Below, you'll see any text that was highlighted with comments from the reviewer.
'She loved you/more than she loved herself': this sums up the whole poem very nicely. You utilise a very minimalist style in order to convey quite a complex moral situation, and you do it beautifully. This line is plaintive, it reveals a lot about the character in very concise phrasing, and it also introduces your intriguing use of the personal pronoun 'you' to describe the other person in the relationship. I found this really interesting, because, of course, the use of the pronoun 'he' or 'she' would fit much more perfectly with the use of 'she' to describe the broken-hearted girl (or 'you' and 'me') - but the fact that it is 'you' and 'her' prevents this perfect fit and makes the fractures in the relationship more obvious. I also find it interesting how you don't reveal the gender of the object - is this intentional? Does this function to make it more universal and increase the appeal to a wider audience of all sexualities?
It's a very sad piece and very nicely done - it, of course, left me feeling the injustice of such a split. But it also presents a moral dimension: is it wrong, and selfish, to tell a white lie about loving someone whom you cannot love? You insist that it is, that love is never something to lie about simply because you are too cowardly to reveal the truth (I'm inclined to agree), and thus this is as much a persuasive piece as anything else. Nonetheless, an interesting debate has been opened by this as one might argue that it was kinder to pretend, at least for a while, that the object loved the subject. It certainly left me thinking.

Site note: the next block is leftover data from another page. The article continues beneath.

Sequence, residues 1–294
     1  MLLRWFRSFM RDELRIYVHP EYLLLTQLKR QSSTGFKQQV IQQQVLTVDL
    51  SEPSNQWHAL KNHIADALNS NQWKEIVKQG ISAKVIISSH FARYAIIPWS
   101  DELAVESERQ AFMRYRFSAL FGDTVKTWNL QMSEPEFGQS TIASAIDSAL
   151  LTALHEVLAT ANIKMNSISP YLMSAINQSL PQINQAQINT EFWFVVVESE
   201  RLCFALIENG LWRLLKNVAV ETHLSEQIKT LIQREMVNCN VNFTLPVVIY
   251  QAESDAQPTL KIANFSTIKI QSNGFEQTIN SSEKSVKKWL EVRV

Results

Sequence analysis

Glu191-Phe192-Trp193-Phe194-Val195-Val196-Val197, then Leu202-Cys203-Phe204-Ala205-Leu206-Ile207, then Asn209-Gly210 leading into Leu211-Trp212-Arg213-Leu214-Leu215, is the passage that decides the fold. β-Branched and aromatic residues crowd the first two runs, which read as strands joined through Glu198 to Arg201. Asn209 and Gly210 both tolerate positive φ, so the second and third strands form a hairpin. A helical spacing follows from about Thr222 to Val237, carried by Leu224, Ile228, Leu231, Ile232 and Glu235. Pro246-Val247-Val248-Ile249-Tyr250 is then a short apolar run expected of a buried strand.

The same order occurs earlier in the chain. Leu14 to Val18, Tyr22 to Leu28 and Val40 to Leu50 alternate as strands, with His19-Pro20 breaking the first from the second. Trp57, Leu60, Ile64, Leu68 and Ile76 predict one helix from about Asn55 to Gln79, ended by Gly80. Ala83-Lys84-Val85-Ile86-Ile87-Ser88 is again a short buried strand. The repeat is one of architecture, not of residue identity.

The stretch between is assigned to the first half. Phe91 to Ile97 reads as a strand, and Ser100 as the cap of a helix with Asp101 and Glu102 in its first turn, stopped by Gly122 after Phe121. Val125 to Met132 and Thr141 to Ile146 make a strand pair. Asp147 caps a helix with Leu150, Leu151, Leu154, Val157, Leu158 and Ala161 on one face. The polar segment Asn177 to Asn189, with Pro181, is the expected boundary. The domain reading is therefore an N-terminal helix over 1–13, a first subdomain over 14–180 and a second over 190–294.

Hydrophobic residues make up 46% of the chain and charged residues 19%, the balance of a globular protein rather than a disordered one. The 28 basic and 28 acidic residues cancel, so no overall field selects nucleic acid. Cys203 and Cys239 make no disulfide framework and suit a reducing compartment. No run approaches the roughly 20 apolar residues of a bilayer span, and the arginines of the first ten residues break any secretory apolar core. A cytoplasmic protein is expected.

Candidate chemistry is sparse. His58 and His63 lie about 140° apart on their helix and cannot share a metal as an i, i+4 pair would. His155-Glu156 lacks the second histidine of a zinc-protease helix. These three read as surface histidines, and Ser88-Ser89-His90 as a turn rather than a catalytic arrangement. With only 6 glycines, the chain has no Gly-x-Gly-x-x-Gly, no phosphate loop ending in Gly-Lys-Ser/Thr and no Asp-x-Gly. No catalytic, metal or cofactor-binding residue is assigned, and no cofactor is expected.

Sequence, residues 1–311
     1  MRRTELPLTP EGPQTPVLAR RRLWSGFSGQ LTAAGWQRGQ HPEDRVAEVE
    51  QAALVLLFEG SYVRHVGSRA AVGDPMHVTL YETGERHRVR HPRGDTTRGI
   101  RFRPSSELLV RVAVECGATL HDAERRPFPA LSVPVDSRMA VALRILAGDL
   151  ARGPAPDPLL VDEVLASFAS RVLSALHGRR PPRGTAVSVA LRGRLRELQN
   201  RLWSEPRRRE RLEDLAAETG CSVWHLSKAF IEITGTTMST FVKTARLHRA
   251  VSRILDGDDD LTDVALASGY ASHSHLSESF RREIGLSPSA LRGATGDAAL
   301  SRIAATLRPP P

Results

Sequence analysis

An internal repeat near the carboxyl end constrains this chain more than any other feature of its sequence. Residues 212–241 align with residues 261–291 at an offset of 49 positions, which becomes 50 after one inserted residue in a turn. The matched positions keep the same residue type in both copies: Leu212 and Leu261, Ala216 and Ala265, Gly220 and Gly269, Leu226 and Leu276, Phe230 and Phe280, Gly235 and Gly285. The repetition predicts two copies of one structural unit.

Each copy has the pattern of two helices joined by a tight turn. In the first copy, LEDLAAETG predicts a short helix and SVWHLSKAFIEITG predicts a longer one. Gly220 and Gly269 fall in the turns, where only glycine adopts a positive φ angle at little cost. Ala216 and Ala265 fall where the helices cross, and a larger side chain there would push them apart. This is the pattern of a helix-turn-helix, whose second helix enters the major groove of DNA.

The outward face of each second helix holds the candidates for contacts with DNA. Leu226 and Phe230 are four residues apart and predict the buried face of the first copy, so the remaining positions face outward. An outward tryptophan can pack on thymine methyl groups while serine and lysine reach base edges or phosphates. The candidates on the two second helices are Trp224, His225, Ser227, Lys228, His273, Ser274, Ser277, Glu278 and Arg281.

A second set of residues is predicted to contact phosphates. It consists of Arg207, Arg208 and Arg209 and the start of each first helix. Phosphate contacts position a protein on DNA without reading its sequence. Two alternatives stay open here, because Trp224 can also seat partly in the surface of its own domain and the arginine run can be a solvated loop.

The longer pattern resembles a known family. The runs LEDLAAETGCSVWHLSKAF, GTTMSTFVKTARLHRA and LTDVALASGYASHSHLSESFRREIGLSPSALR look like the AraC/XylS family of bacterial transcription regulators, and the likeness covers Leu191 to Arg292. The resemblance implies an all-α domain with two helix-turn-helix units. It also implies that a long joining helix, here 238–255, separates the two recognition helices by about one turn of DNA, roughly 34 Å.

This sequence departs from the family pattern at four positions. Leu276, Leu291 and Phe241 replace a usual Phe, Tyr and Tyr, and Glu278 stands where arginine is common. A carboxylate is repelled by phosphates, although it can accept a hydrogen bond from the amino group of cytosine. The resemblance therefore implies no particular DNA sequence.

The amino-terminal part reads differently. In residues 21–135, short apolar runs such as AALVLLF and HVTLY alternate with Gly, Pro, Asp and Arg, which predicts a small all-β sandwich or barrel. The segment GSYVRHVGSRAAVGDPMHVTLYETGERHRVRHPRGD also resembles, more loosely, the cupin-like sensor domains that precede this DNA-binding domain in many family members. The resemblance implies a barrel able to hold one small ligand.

Who is the 'you' referred to? Is it a specific person to whom the poem is directed? Was it a deliberate choice to not reveal the gender of the object? Or was it an attempt to make this inclusive of all types of love - after all, this could apply as easily to a friendship as to a romantic relationship.
I loved this piece, it was very moving and your writing style is effortlessly charming. However, have you considered varying the structure a little bit? I haven't read any of your other poetry so don't know if you do this often but it might be an idea to try to vary the structure, perhaps in accordance with the mood - for example, towards the end you could have made the rhythm and lines more disjointed, broken or uneven to parallel the increasingly melancholy tone. More punctuation may also be prudent for organisation of ideas in some places: although I thought your consistent use of enjambment was very effective in general, it's always interesting to experiment with things such as these.
Very well done for this piece - I enjoyed reading it immensely and look forward to seeing more of your work in future.